You walk into Govolution's glassy, shiny offices in northwest Washington, D.C., and at first glance, it feels like you've stepped back into the dot-com bubble of 1999. There's the hardwood floors, the spacious meeting rooms, the crowded cube farms and the retro art in the halls, but the comparisons to a dot-com circa '99 pretty much end there.
The art advertises U.S. government bonds, the people running the show are in their 30s and 40s, not 20s, and the pool and foosball tables are noticeably absent. The leaders at Govolution, which provides credit-card processing services for government Web sites, say they are doing something most dot-coms could only dream of -- making money.
Sure, Govolution Marketing Director Peter Moore jokes about getting rid of his stubbly beard growth before talking to a reporter, and President/Chief Executive Officer Christopher Flaesch sports a trendy-looking shaved head, but the general look at the Govolution office near George Washington University is more business-casual than the casual-casual of Silicon Valley during the boom. And Moore, a 41-year-old veteran of technology and consulting companies, also worries about finding the right balance between modern and not-too-cutting-edge for the new look at the company's Web site; after all, bankers and government accountants don't go for things looking too exotic.
"We are handling people's money," notes Moore, in explaining a somewhat conservative approach to the new site.
They're handling a lot of people's money. The company has processed more than $1 billion in credit card payments for about 70 U.S. government offices since it was founded in 1998 as a side project of Web development shop Bixler Inc. Govolution's contract isn't directly with the U.S. government -- instead it's with two Washington-area banks -- but through the banks, it serves the U.S. Treasury, U.S. Department of Transportation and other federal agencies. Govolution also serves about 10 other clients, mostly local governments, and expects to run $2 billion through its platform this year, Moore says. Govolution, a private company, didn't release its revenue numbers.
It's often said that Washington is a company town, and that company is the U.S. government. Spurred by its federal government clients, Govolution has had a positive cash flow for over a year and is self-funding, Flaesch says, and actually added a handful of employees to its 25-person staff in the last year. Flaesch expects to grow that staff by another third this year, and Govolution will soon move from its cramped 2,500-square-foot offices to a 6,500-square-foot space in the same building.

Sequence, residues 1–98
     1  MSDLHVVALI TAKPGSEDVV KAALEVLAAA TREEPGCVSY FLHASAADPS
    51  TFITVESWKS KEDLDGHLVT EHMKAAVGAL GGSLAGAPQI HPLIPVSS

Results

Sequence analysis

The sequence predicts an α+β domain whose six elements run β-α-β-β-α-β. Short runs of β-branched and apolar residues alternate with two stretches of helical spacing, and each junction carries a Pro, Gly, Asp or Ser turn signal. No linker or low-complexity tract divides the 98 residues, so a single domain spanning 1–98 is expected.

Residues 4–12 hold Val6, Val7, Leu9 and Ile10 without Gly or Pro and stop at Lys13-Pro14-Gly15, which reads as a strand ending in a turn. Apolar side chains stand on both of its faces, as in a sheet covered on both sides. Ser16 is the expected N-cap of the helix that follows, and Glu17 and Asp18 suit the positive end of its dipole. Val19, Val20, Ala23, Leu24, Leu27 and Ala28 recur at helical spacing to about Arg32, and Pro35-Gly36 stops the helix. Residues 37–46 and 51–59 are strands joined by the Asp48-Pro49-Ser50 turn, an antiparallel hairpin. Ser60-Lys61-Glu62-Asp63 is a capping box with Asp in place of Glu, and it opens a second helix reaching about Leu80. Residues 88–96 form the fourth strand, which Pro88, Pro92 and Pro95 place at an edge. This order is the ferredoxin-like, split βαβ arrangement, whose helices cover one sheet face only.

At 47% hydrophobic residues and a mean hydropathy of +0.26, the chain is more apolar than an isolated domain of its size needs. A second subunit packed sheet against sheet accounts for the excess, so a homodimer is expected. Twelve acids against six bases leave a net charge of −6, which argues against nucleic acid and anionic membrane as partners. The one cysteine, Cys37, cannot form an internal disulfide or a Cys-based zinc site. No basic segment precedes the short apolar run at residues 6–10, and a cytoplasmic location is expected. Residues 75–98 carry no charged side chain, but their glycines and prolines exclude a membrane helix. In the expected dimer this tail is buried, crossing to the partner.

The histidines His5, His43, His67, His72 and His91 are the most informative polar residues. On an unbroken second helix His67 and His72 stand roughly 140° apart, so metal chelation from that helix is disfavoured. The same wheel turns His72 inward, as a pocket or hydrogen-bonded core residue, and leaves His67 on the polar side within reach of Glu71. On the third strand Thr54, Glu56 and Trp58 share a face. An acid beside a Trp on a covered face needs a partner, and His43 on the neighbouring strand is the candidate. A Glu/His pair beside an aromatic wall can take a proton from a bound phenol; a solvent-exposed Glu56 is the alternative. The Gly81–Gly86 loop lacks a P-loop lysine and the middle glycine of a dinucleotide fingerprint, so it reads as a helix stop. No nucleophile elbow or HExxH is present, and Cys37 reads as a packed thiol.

Think of Govolution as providing the payment back-end of Amazon.com, only targeted at government agencies. The look and feel of the "comprehensive suite of secure transaction processing and financial management tools" mimics the look and feel of a government Web site. Govolution also hosts the service, and allows transactions through Web-enabled ATMs and kiosks.
Business is good with the federal government, but the company is trying to diversify its client base so that if anything does happen to the federal government contracts, the company can survive. The company hopes to expand more into the state and local government sectors, Flaesch said, but also into industry by offering a private-branded service that banks or OEMs (original equipment manufacturers) in turn sell to their customers.
As he contemplates the growth of his business, it's easy for Flaesch to take a shot at the dot-coms of old. "You have to run this like a business because if you don't you're going to be gone," he adds. "At the end of the day, you have to sell your stuff at a cost that's more than it takes to deliver."
Still, it seems like some lessons have been learned. Company Chief Financial Officer Christian Duffus, a 30-year-old veteran of The Goldman Sachs Group, talks about conservative budgeting, "knowing what I have in the bank." He talks about delivering a product to customers who actually had a great need.
"It makes a lot of sense for governments to have Web-enabled services ... relative to a lot of the e-commerce applications that popped up during the dot-com boom," he says.-- IDG News Service
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